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Blistering Report on the GPO Issued by Nader’s Center for Study of Responsive Law

August 30, 2012
WASHINGTON, DC—August 30, 2012—Ralph Nader’s Center for Study of Responsive Law released a new report on the Government Printing Office—titled, “The Peoples’ Printer: Time for a Reawakening,” by Tom W. Ryan with Jeff Musto. In the midst of the digital information age, this report reveals the shortfalls of a GPO that focuses on online information at the expense of print media.

Nader said, “With government information increasingly moving online, unconnected Americans are being left behind. These people are often the most vulnerable and isolated members of our society—the poor, the elderly, and the rural.”

The timely release of a Federal Communications Commission (FCC) report last week draws attention to the fact that 19 million Americans live in areas of the country that don’t have access to high-speed internet. A 2012 report from the Pew Research Center’s Internet and American Life Project that shows 22 percent of Americans over the age of 18 don’t use the internet. This equates to 50 million people.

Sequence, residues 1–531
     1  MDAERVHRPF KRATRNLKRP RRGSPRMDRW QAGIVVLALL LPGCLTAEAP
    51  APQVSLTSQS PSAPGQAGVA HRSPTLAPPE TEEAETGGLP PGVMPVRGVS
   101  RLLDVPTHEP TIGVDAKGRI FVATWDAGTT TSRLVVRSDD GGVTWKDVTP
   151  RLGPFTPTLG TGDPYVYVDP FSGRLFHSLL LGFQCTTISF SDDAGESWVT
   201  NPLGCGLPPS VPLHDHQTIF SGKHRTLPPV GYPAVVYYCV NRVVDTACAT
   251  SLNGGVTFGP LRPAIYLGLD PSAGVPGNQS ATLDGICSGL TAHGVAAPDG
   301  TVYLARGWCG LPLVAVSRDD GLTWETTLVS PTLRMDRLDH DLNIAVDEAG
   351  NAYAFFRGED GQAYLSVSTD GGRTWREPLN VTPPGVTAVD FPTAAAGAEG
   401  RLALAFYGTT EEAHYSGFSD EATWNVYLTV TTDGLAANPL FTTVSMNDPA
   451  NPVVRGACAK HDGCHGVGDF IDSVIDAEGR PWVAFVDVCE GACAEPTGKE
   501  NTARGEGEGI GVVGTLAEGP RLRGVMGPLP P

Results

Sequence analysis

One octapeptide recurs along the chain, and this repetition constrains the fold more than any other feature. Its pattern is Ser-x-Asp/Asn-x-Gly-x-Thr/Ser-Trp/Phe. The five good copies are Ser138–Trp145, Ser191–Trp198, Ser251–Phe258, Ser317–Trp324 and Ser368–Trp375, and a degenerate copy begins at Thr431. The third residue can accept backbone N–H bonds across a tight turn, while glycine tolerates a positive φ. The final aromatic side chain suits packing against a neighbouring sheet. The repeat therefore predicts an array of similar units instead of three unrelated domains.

“For over 150 years, since President Abraham Lincoln took office, the Government Printing Office has played a vital role in disseminating information about the government to Americans. As the GPO moves information online, the digital divide between connected and unconnected Americans is widening.

“This threatens the GPO’s self-proclaimed mission to ‘keep America informed. The GPO provides a range of information including information useful to consumers, about ongoing government activities, about public health, public services, citizen access to their government agencies and departments, and government reports, among other things,’” said Nader.

The GPO’s efforts to put an increasing amount of government information available online takes a huge step forward in making this information more accessible than ever to Americans with internet access. Over 13 million documents are retrieved from GPO’s online services each month, and this number is growing.

An unfortunate consequence of the shift away from print media, however, is that Americans who remain offline are increasingly disconnected from their government. “The Peoples’ Printer” paints a troubling picture of who is being left behind:

• 32.1 percent of Americans making less than $15,000 per year had high-speed internet access in their home, compared to nearly 90 percent of Americans making $150,000 or more annually.

• 49 percent of black Americans and 51 percent of hispanic Americans have access to broadband internet at home, compared to 66 percent of white Americans.

• 94 percent of Americans aged 18 to 29 were internet users, while only 41 percent of Americans 65 years or older were.

In the past few decades, the GPO has moved much of the information it provides online, printed less, and outsourced more of its printing work. This has resulted in fewer employees, lower sales, fewer physical document requests, and consumers were confronted with skyrocketing prices for print publications. Some costs have increased five-fold.